By Adam Foster

Wednesday’s decision from the High Court of Australia reminds us that employers need to be careful that they are not misleading individuals into believing that they are independent contractors when in fact they are employees.

Contracting vs. employment has again entered into the spotlight in the High Court decision on 2 December 2015 of FWO -v- Quest South Perth Pty Ltd.

In that case, the Fair Work Ombudsman was appealing a decision of the Full Federal Court decision that found that an individual was an independent contractor instead of an employee.

The facts of the case were:

Quest operated serviced apartments and had engaged two individuals as housekeepers. Some time later, Quest entered into an agreement with Contracting Solutions (“CS”), in which CS purported to engage the two employees as contractors. CS than provided the two employees to Quest under a Labour Hire Agreement between Quest and CS. Quest then represented to the employees that they were contractors. Critically, the roles of the two employees never changed and they continued to provide housekeeping to Quest.

In considering these matters, the Court determined that the meaning of a representation as to employment under section 357 of the Fair Work Act should be interpreted as follows:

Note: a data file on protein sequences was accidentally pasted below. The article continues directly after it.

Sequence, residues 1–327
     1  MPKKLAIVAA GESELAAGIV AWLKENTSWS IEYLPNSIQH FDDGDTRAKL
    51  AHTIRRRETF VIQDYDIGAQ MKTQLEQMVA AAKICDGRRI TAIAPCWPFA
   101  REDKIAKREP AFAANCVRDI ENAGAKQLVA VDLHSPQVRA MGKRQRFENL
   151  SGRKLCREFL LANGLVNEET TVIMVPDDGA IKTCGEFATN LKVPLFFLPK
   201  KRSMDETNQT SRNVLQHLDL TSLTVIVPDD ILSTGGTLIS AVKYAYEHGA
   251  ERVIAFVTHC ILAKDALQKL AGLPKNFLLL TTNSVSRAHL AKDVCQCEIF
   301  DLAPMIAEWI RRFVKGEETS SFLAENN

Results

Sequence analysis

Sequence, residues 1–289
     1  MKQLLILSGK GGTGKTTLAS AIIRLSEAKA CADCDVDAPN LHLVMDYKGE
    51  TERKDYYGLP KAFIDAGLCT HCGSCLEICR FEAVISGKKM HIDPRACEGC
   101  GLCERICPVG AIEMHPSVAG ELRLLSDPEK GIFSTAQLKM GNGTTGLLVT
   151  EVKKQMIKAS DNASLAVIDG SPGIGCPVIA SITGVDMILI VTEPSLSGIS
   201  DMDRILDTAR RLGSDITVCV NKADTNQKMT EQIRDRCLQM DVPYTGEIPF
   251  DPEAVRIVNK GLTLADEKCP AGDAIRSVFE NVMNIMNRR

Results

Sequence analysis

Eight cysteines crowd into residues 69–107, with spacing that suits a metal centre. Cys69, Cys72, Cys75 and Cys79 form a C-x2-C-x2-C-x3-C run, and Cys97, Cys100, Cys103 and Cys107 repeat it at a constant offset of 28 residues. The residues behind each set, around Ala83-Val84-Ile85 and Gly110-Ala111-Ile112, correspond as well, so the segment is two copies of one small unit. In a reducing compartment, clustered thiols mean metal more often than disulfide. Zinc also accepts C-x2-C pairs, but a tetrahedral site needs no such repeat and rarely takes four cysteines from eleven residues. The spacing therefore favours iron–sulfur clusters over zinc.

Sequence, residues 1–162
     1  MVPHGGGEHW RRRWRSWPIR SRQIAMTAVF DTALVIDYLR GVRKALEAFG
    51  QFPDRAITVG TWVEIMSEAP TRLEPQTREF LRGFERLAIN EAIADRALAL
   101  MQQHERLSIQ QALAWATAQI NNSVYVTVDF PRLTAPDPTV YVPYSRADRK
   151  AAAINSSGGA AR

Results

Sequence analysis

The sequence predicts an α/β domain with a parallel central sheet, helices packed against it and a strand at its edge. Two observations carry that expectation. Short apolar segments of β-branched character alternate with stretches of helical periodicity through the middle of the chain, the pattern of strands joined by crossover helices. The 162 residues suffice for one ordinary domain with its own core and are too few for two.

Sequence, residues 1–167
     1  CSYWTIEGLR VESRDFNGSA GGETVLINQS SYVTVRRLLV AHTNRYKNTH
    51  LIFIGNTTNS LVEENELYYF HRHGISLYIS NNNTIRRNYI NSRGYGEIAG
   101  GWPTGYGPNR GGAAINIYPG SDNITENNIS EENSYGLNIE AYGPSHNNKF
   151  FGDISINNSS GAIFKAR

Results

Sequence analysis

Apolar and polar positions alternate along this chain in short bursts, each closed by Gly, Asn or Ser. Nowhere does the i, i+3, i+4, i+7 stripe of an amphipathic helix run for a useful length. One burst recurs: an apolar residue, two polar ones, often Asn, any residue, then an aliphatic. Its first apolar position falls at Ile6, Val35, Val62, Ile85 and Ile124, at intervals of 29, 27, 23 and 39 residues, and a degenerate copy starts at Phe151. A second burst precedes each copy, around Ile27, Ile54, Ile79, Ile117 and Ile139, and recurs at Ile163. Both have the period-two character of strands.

1. Whether the representation concerns the character of the contract, which exists between the employee and employer.
  2. Whether the content of the representation is that the contract of employment is or would be a contract for services under which the employee performs or would perform work as an independent contractor.

This was determined on the basis that the purpose behind these provisions is to ensure that an employee is not mislead as to the nature and status of their employment or workplace rights.

The take home message for all employers is that they need to be sure that when they contract out the services to a third party, and that third party takes on the employer’s old employees, if the role is still the same, the Court and indeed the Ombudsman will likely construe this contracting arrangement as a sham contract and subject to penalties under the Fair Work Act 2009 (Cth).

If you would like some advice on your contracting/employment arrangements, please contact Chris Morey, Director of Dispute Resolution or Adam Foster, Associate, Dispute Resolution and Employment Law on (03) 9629 9629.